Saturday, January 9, 2016, 6 pm

January 9 to February 5, 2016

Niwa’s works are performances that openly question meanings of ideas, objects, and situations usually in a socio-political context. His performances involve acts that radically play with signifiers of common practices under specific topics in society. The artist, accompanied by a person in charge of documentation, participates in an exchange with persons performing daily tasks and configures a manner of looking that points towards a rather comic and philosophical presentation. In his 2010 work, ‘Tossing socialists in the air in Romania’, the artist creates an unusual tableau by asking participants to engage in an activity that has no social significance. The idea is based on surveying the definition of socialism in a particular place, paired with the use of the act of “tossing” and what it connotes.

For his solo exhibition at 1335MABINI, Niwa explores the the function of language in the act of privately owning an object. The identifying stamp on an object that one deems valuable as to make it his own, is in this case, a specific owner’s name. Niwa reverses the idea, asking workers who embroider labels on certain products to put their names instead of the buyer’s. Changing the underlying construct of an existing social practice, the artist challenges a popular idea by introducing a new mode of experience.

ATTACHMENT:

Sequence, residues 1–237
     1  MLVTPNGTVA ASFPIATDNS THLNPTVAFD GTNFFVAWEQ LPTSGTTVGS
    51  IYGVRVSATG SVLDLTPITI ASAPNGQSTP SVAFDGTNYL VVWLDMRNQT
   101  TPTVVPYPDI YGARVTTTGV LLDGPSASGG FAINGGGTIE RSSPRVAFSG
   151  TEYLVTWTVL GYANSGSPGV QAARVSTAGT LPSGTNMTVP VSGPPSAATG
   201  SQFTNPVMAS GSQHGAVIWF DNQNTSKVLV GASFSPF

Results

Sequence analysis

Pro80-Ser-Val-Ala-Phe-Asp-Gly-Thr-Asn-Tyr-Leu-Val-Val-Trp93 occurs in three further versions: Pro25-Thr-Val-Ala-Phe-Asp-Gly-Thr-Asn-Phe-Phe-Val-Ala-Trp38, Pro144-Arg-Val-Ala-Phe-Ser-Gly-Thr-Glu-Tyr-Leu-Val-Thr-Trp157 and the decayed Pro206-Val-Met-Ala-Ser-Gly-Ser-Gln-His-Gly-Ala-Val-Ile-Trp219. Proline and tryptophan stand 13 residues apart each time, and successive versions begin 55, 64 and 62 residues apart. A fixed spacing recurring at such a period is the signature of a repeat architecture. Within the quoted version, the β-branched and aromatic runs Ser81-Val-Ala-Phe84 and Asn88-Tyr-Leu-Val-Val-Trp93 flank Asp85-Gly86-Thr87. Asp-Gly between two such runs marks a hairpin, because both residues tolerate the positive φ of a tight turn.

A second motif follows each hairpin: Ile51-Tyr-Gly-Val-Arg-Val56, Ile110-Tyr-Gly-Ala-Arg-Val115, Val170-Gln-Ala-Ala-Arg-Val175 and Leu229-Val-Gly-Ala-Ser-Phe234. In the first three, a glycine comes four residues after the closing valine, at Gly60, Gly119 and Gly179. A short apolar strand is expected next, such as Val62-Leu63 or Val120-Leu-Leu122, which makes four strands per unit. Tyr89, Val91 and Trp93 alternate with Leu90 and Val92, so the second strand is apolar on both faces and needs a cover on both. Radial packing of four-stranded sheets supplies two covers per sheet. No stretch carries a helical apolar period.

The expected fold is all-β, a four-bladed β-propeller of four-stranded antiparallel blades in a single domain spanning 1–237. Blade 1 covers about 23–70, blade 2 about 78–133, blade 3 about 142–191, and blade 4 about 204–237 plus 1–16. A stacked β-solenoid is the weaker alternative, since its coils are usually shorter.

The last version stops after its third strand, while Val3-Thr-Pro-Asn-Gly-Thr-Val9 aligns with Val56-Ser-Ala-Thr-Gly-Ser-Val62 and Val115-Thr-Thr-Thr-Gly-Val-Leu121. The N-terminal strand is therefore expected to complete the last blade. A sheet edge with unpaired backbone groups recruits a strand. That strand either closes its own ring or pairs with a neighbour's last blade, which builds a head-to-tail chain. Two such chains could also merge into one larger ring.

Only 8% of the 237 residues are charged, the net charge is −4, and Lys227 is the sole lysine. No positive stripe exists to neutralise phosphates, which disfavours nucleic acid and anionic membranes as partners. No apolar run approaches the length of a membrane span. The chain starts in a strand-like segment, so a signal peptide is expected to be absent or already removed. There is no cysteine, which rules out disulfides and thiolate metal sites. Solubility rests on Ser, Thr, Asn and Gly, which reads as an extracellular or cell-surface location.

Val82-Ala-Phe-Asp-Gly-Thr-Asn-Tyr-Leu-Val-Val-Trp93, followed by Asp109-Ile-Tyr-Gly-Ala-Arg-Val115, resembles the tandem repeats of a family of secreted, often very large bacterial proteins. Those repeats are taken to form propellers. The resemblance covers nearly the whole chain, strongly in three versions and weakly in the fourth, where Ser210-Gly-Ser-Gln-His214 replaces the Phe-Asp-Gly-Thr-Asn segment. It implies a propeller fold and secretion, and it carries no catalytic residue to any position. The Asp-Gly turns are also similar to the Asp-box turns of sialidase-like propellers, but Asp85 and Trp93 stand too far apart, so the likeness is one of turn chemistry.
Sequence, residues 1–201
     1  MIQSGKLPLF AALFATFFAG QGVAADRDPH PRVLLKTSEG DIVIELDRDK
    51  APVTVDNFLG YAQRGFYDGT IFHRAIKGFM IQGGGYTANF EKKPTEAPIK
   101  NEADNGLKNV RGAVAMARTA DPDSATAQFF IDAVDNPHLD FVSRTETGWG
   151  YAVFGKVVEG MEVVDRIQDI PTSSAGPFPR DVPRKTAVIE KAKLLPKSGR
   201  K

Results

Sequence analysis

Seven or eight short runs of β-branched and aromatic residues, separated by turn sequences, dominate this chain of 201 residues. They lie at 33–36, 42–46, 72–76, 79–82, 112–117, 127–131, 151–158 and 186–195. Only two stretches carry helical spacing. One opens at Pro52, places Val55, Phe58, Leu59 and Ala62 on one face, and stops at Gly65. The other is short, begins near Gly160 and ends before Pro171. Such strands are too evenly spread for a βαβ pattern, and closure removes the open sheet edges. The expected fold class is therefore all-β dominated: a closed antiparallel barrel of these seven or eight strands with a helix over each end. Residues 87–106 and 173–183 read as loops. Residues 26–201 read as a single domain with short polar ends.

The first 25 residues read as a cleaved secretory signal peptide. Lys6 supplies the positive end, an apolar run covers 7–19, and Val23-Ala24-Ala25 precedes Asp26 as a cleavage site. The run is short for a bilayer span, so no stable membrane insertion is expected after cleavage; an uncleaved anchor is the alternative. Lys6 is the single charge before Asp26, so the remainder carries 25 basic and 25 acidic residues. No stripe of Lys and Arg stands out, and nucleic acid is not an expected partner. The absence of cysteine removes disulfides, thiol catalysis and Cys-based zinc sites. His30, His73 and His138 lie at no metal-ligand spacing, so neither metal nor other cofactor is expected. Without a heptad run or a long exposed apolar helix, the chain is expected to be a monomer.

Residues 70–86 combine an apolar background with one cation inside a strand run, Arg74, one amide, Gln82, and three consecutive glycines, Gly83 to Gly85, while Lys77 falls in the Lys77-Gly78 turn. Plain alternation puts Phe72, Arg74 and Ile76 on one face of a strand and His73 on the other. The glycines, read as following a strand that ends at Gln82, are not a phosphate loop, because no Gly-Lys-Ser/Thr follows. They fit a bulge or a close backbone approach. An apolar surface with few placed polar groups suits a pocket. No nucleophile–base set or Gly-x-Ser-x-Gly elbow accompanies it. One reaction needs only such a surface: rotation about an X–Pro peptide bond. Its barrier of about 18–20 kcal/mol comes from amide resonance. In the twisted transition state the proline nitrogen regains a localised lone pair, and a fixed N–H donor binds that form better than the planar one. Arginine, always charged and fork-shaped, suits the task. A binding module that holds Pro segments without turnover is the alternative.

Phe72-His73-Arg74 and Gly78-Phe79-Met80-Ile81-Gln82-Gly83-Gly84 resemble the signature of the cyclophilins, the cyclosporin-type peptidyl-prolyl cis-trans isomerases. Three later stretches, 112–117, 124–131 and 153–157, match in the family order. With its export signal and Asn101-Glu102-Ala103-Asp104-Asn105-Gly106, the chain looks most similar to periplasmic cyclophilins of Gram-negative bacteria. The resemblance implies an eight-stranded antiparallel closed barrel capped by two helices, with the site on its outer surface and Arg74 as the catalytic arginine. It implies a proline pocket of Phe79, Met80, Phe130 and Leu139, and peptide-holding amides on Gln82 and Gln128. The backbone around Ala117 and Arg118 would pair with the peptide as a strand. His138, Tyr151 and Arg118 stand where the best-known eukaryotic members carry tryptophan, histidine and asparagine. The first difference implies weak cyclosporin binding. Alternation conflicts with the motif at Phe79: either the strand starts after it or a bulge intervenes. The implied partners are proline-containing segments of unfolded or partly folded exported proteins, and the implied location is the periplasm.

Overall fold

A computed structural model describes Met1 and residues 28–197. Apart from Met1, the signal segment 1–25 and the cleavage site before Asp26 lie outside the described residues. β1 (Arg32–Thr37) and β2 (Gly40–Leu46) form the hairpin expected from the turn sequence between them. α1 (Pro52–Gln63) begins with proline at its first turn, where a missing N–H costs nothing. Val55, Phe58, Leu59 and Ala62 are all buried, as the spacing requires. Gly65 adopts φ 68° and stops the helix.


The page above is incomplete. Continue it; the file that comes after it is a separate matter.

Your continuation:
This shifting of perspective is what characterizes Niwa’s art practice, as he navigates a physical reality through casual interventions that when seen initially, are trivial acts. It is this line of inquiry, of questioning meanings of gestures and historical fragments that describes the nature of the artist’s approach to performance.

Tokyo-based Yoshinori Niwa (b. 1982) graduated from Tama Art University’s Department of Moving Images and Performing Arts. Niwa’s socially and historically interventionist works, on the street and in other public spaces, experiment with actions and propositions involving mainly impossibility and exchange. In recent years Niwa has taken an interest in the history of communism and moved on to projects that explore the nature of national history, like attempting to pick up and toss local communist party members in Romania, in Tossing Socialists in the Air in Romania (2010) and Searching for Vladimir Lenin in the Apartments of Moscow (2012). Selected group shows are Double Vision: Contemporary Art From Japan (Moscow Museum of Modern Art, Haifa Museum of Art, 2012), Aichi Triennale 2013 (Aichi Arts Center,etc 2013), Roppongi Crossing 2013: OUT OF DOUBT (Mori Art Museum, 2013). He has been nominated for Future Greats 2014 by ArtReview.